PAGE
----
Breakfast club is just the start of the extended day

3rd February 2006 at 00:00
An angry Churchill, warning of German rearmament in 1935, famously quoted an anonymous poem - "Who is in charge of the clattering train?"

Headteachers, on a more mundane level of existence, are more likely to be challenged by an angry parent asking, "Who is in charge of breakfast club?"

It's a good question. So far as parents - and children - are concerned, everything at any time of day, is the responsibility of the head. And yet, as David Dixon, head of Bowbridge primary in Newark, Nottinghamshire, points out, that's one implication of an emerging contradiction in government policy on extended schools. "They seem to have shifted the goalposts," he says. "When we first learned about extended schools, and saw the case studies, it all seemed to be about a holistic approach to school improvement. Now, though, there's greater emphasis on childcare and we're hearing that headteachers and staff shouldn't have any extra workload, so you just get service providers in."

It's a shift that he finds disappointing, "I accepted greater workload because by engaging more with the local community, we'd end up with children who were more receptive to learning," he says.

Mr Dixon is deeply committed to the extended school ideal and welcomes the increase in the number of people coming in to get involved. At Bowbridge there's a health clinic, community cafe and adult learning centre, as well as the usual breakfast and after-school clubs.

The school is one of the few primaries to carry the Quality Award from Quality in Study Support. This scheme is based at Canterbury Christ Church university, and recognises all aspects of a school's support for pupils and families over and above the curriculum.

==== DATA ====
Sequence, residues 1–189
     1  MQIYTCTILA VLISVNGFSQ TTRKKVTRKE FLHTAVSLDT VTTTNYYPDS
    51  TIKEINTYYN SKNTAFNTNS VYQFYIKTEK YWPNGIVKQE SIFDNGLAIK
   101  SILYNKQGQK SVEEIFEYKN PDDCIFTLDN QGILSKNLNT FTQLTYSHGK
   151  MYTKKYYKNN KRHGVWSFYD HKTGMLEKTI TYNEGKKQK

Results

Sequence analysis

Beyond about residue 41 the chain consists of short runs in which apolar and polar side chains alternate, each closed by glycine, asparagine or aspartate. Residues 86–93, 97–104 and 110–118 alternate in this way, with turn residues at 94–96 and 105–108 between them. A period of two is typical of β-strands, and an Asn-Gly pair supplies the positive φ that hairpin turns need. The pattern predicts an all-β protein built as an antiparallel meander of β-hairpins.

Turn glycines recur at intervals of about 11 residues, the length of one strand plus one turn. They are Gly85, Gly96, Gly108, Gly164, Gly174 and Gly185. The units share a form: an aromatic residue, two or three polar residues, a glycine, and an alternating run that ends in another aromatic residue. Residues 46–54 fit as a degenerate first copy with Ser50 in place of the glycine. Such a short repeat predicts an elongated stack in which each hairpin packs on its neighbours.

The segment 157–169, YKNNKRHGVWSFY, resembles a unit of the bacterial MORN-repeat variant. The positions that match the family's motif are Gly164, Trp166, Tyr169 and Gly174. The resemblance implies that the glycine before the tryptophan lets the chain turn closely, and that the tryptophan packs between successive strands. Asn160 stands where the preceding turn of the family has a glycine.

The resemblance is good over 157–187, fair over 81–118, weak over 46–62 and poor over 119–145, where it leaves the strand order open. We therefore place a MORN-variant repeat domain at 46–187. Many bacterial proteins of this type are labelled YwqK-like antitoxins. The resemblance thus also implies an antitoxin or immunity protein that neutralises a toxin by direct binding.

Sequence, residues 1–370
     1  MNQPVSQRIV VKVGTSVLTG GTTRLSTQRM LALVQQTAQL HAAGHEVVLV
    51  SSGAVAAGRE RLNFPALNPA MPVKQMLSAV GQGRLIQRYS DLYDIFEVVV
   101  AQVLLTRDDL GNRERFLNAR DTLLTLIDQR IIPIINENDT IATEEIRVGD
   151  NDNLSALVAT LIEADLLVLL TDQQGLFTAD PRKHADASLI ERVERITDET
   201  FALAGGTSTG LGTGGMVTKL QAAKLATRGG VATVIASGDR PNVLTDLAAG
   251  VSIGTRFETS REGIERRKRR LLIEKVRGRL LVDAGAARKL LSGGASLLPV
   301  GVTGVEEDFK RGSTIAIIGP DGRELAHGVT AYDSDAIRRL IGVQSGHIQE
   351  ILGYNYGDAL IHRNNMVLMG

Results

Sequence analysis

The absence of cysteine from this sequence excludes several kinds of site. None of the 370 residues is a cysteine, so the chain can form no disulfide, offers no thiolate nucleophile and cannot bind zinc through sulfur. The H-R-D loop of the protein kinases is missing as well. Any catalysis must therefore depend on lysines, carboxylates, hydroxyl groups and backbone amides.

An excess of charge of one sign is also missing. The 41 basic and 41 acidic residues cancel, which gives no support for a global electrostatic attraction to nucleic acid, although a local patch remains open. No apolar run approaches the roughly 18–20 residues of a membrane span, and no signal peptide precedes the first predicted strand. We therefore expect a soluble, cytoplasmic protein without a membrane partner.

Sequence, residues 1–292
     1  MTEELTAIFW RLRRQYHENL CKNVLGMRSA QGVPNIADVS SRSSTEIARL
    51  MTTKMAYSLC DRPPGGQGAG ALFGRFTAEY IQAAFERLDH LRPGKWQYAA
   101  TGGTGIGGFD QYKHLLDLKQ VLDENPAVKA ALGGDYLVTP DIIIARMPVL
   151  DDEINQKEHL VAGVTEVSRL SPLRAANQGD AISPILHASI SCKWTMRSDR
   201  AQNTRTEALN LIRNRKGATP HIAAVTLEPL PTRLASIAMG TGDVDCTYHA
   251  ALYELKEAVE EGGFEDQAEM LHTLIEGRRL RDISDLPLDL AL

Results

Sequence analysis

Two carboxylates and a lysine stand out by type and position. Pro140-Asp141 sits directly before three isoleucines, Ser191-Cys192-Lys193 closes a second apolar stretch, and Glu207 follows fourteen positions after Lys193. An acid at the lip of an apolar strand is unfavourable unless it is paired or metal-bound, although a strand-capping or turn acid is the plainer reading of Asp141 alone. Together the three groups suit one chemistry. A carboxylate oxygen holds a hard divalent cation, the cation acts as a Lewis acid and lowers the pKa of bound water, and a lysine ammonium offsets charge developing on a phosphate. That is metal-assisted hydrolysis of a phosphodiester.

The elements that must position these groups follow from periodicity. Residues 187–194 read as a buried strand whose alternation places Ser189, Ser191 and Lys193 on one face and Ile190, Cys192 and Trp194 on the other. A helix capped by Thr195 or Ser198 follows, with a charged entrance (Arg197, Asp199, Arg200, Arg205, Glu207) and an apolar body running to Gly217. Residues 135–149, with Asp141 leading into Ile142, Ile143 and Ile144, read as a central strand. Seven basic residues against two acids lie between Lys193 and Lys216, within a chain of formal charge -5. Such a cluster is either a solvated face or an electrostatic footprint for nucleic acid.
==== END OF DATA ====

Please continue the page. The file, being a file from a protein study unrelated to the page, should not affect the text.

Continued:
In a research paper - part of his higher degree studies - Mr Dixon writes, "The author has always sought greater autonomy by continuing to market his school in the locality and beyond and to seek other sources of revenue to bolster a rather tight budget." For him it's a way of improving parental support in a school in a deprived area, traditionally short of parent power.

In the same paper, he writes, "If a school can utilise its various stakeholders to increase its autonomy, it can be empowered to break through attainment and achievement glass ceilings."

He's sure, though, that extended schools are only going to work if the relationships between staff are good enough to survive a general trend towards tight job descriptions, performance indicators, precise definitions of working hours and responsibilities.

In short, everyone has to get on with each other and work to a common purpose without worrying over-much about crossing boundaries. In primaries, particularly, this takes care of itself to some extent. As Mr Dixon says, "It's often people associated with the school who are doing the other jobs - dinner staff doing the breakfast club for example." The proviso, he emphasises, is that everyone has to back the extended school concept. "If people are convinced it's worth it, then they'll take the inconveniences."

GH Quality in study support: DfES study support: www.standards. studysupport Extended schools: wholeschoolextendedschools

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